You might be worried about Pug barking when you consider getting a Pug. Perhaps you have a child at home, close neighbors, or a pooch that just won’t zip it.
In this article, I’ll discover do Pugs bark a lot and unveil some top tips for managing your Pug’s vocal cords. Peace of mind and happy neighbors guaranteed.
Do Pugs Bark and How Much?
Yes, Pugs do bark. It is their means of communication. But if you’re looking for a dog that ranks low on the bark-o-meter, a Pug might actually be the best option for you.
Though Pugs bark, it is usually quite minimal. It’s important to remember that every Pug will have its own unique personality. But, in general, Pugs are quiet, laid back animals.
Compared to most other breeds, Pugs don’t bark very much at all, making them ideal indoor pets for apartment dwellers.
A Pug uses their bark to protect their humans from danger. So expect a woof, yap, and occasional howl from time to time.
This is your Pug trying to tell you something very important (at least they think so).
Barking is a natural response for any dog. The best way to prevent your Pug from barking a lot is to start training them whilst they are still a puppy.
What Does A Pug’s Bark Sound Like?
Pugs are a small but broad dog. That means their bark is neither overly loud nor too high in pitch. But the Pugs’ voice is very unique and their bark is known for its distinctiveness.
In fact, many Pug owners grow to love their Pug’s vocal repertoire. With noises ranging from cute to plain-old obscure, a Pug offers endless entertainment in one tiny package.
Pug owners often describe these noises as mid-range squeals, whines, howls, and whimpers.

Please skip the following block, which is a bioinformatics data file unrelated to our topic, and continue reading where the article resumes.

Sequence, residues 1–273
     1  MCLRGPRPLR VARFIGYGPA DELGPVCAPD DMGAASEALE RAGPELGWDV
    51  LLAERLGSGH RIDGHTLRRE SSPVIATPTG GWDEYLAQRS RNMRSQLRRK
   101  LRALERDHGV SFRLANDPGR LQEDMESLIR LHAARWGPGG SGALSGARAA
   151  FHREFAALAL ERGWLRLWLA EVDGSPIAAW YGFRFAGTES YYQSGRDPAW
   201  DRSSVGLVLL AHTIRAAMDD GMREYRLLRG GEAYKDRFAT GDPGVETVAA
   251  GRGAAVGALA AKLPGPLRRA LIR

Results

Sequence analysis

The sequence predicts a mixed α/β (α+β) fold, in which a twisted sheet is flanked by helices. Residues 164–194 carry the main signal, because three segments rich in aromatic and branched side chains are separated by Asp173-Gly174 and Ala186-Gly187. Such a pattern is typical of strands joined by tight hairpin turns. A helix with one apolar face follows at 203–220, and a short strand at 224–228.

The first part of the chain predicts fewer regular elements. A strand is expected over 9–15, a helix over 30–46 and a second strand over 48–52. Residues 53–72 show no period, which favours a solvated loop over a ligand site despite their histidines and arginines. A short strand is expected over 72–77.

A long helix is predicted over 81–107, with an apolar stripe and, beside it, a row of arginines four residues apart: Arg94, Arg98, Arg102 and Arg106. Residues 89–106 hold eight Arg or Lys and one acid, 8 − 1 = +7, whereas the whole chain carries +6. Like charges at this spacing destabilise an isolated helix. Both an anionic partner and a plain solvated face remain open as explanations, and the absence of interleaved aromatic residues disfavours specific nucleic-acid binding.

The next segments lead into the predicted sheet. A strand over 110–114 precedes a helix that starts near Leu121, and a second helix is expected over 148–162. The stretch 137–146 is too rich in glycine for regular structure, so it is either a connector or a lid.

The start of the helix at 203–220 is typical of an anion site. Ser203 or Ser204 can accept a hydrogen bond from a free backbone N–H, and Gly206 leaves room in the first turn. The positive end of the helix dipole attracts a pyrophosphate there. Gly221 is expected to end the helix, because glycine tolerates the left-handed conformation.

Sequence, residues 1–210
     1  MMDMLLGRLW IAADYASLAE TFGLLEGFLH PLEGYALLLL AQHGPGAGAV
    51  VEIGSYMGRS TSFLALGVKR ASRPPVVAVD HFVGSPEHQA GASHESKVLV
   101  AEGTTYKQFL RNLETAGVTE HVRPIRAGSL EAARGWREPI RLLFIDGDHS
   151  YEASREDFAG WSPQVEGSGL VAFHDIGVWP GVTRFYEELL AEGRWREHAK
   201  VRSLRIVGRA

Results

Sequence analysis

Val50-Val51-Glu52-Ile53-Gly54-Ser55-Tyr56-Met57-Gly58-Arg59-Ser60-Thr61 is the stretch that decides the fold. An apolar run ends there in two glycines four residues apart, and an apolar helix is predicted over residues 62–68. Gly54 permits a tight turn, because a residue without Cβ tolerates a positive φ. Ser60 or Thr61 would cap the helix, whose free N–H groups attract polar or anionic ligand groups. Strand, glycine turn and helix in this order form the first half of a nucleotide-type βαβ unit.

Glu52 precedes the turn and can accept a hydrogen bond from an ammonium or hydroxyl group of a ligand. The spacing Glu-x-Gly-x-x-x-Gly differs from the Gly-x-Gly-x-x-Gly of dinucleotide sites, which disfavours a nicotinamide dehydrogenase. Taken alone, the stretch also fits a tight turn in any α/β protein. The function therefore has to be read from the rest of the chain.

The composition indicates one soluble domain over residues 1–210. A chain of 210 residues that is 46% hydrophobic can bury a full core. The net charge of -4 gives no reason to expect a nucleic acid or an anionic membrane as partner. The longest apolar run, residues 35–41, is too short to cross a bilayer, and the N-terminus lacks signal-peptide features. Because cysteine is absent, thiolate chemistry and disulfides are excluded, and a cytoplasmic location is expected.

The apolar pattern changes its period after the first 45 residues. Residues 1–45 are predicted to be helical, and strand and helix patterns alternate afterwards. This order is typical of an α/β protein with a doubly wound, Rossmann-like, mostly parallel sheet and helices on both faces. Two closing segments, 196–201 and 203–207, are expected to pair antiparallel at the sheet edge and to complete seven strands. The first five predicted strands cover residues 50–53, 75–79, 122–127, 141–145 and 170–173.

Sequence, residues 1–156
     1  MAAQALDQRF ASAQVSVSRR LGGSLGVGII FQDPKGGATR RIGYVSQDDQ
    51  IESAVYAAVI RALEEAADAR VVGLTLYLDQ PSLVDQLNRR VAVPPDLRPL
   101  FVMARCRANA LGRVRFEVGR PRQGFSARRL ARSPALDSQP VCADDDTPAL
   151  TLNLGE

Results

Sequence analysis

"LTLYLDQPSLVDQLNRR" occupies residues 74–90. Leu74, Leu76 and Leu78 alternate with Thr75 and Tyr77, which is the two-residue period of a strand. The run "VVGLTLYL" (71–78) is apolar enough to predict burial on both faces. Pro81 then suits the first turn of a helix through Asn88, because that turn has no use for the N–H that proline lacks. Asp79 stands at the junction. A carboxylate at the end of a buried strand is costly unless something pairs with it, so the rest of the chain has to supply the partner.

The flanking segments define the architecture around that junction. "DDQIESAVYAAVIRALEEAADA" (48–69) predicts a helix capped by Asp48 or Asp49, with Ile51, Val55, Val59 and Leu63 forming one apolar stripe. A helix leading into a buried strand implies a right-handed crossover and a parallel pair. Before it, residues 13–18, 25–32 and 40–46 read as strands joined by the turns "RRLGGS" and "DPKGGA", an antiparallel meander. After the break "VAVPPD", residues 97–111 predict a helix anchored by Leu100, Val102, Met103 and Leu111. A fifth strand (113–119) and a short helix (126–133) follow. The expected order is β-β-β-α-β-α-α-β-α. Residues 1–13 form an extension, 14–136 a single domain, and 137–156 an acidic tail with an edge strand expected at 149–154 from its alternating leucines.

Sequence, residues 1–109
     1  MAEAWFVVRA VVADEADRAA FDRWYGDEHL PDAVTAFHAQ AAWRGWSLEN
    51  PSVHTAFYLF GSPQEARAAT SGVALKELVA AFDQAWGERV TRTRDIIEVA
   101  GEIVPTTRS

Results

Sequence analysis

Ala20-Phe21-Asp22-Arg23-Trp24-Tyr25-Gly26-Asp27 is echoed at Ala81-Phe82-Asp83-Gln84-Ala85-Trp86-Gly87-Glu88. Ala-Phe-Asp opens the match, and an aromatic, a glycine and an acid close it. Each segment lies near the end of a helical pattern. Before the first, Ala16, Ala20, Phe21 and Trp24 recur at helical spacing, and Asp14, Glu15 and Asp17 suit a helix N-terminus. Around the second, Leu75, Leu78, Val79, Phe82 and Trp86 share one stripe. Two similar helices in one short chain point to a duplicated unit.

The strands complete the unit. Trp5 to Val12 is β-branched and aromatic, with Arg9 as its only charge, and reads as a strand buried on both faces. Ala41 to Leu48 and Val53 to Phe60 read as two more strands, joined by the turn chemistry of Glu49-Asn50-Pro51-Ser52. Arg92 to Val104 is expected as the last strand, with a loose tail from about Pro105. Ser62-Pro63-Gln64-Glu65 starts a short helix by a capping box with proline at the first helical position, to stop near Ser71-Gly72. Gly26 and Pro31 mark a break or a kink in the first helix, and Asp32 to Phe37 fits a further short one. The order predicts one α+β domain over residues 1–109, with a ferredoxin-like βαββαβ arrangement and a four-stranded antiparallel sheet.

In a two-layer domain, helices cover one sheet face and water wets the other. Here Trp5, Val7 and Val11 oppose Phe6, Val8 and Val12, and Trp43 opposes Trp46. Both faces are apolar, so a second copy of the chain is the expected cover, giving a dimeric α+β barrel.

Take a look at this video where you’ll be taken through the Pugs’ full vocal range.
Why Do Pugs Bark?
All dogs bark. This is a completely natural response to external stimuli. Whether you’ve got yourself a barker, or a yelper, there are many situations that could trigger this response.
We often think of a dog’s bark as a sign of threat. Guard dogs barking at the postman is an image that commonly springs to mind.
But a dog’s bark can also indicate curiosity and excitement.
In other words, it’s playtime!
Pugs are not guard dogs. But there are many factors that might cause them to start vocalizing. Remember they are just reacting to their immediate surroundings.
Pugs are loving, protective animals and their bark is very rarely a sign of aggression. In fact, most of the time a Pug’s barking spree lasts only a few moments.
Let’s discuss why Pugs bark and some of the most common barking triggers.
Pugs were bred as companion dogs. That means they love people.
But for better or for worse, Pug’s can’t speak. Barking is their version of communication.
Talk to any Pug owner and they’ll swear their dog talks to them. One of the joys of owning a Pug is getting to know their unique language.
Your Pug might be trying to get your attention. Perhaps they think it’s about time for a walk or a tasty snack.
Pugs are little divas at heart. If you’re late with dinner, or if walkies are overdue, expect a bark or yap as a way of a reminder.
Pugs are loyal to their humans above anything else. They use their bark to try and protect you. You might not see the postman as a threat, but your Pug doesn’t know that.
Pugs are territorial over their home and family. Barking is often a warning defense against perceived threats to their nearest and dearest.
Remember that Pugs have excellent hearing. They might have heard something that you’re not even aware of.
Other signs that your Pug might be feeling protective include a change in posture, with ears forward and head held high.
By socializing your Pug early, they will develop a tolerance to everyday occurrences (like the postman) and learn that there’s nothing to be afraid of.
Pugs may be sedate animals, but they need regular activities to keep their mind and body active. If your Pug is barking more than usual, they might just be a bit bored.
Make sure they have lots of fun toys to while away the hours at home. And don’t forget to prioritize short, daily walks and time for cuddles and companionship.